Does switching banks really affect your credit score?

Switching banks can affect your credit score. Keep reading to learn how, and what you can do to minimise any damage from switching banks.
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Getting £100-200 just to switch your bank account seems like easy money. But you’re savvy enough to know that when a bank offers you free money, there’s usually a catch. Switching bank accounts can affect your credit score and have a number of other implications for your financial stability.

In this article, we’ll dig into how hard credit checks affect your credit score when switching, other ways switching banks can impact your credit score, and what you should look for when browsing for new banks. Let’s dive in!

Here’s how switching banks affects your credit score

Switching bank accounts can impact your credit score, but how it does depends on what kind of account you open and what you do with your existing account.

Hard credit checks are the main culprit

When you open a new bank account, the bank or building society needs to verify your identity and ensure that your credit report doesn’t show anything suspicious. To do this, they typically run a hard search on your credit file. Hard searches have a minor impact on your credit score, causing it to drop slightly.

If you’re not applying for lots of new accounts or credit lines, a hard search from opening a new bank account will only impact your score for about six months and should only be visible on your credit report for about two years at most.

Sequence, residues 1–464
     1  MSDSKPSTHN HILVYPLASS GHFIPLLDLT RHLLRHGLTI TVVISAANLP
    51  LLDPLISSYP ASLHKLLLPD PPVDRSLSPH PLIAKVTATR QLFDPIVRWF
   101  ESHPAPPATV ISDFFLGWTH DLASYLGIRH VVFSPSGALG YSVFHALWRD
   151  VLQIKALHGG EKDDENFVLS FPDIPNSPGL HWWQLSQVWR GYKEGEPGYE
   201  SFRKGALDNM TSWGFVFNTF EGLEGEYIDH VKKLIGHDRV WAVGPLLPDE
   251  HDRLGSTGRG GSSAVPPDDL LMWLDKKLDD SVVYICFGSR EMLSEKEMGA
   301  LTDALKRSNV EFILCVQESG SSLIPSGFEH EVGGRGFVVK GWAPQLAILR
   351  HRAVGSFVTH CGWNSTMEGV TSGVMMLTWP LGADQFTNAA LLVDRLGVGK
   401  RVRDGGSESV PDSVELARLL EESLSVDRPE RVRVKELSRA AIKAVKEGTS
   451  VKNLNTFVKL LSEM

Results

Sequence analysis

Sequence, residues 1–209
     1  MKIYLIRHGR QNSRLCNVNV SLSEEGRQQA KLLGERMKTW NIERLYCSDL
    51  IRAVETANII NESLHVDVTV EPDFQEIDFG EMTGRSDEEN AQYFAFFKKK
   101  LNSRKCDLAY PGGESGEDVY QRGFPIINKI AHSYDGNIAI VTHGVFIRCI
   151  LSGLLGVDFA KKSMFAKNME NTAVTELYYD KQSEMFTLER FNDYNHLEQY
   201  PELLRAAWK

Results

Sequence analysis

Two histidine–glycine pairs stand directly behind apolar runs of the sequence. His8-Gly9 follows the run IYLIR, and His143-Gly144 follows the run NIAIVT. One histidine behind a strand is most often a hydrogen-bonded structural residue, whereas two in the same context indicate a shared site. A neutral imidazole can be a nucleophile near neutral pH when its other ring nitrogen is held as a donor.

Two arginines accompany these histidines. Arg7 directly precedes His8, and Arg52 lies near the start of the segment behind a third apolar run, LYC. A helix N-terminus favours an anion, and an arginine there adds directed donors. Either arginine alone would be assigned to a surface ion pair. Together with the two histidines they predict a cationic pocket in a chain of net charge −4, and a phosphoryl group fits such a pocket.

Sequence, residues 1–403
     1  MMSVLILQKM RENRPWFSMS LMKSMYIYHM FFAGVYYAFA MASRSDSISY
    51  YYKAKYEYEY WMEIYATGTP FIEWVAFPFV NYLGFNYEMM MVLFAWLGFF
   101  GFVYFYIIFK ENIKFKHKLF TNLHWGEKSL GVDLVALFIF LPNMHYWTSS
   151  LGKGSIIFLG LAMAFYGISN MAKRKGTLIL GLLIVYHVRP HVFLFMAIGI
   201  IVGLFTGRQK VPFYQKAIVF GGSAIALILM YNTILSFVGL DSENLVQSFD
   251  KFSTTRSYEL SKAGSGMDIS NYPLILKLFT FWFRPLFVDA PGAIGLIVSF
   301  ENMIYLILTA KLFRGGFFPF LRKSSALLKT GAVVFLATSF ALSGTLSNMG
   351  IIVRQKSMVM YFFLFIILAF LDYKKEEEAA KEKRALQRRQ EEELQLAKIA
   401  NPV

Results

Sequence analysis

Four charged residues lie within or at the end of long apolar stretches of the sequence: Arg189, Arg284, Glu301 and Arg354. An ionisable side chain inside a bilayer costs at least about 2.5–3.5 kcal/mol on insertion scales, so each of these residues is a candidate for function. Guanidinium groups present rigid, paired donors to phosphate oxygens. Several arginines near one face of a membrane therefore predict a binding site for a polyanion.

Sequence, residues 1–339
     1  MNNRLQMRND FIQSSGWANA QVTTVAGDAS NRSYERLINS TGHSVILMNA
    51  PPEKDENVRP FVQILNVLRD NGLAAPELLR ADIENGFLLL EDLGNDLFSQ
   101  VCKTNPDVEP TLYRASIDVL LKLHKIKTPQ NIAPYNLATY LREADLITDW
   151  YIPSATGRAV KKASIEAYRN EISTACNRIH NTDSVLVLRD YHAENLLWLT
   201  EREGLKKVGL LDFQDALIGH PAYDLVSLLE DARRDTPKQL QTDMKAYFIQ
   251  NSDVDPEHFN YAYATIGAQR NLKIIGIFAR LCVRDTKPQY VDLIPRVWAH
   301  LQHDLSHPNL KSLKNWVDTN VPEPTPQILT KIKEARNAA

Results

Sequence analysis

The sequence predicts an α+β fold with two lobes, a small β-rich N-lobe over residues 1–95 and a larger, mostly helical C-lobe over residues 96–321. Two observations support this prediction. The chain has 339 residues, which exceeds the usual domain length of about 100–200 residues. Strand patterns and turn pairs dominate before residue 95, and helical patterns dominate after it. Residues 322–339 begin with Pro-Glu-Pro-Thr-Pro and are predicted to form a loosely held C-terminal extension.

While this minor impact is usually nothing to worry about, it’s important to keep in mind if you’re planning to apply for another significant credit line in the coming year. The minor drop in your score could impact your eligibility for things like loans, credit cards, and mortgages. However, larger lines of credit like a mortgage typically take a more holistic look at your financial situation, so don’t be deterred from speaking with a lender if you’re looking into a mortgage just a few months after opening a new bank account.

Related read: How long do hard searches stay on your credit file?

Switching banks can impact your credit score indirectly too

Aside from the minor impact of a hard search, switching banks can impact your credit in more indirect ways too. If you don’t update your direct debits, you could damage your credit score by missing payments. This can be easily avoided by using the current account switch service.

Additionally, you could damage your credit score if you close your old bank account, particularly when you have an arranged overdraft or credit card attached to the account. This is mainly because closing those accounts will impact your credit history.

If you’re like many people, your arranged overdraft is the oldest credit line you have. If you’ve kept it in good standing, it can have a strong impact on your credit score, demonstrating that you’ve been on top of your finances for years. But, when you close the account, that history is lost, causing your credit score to drop.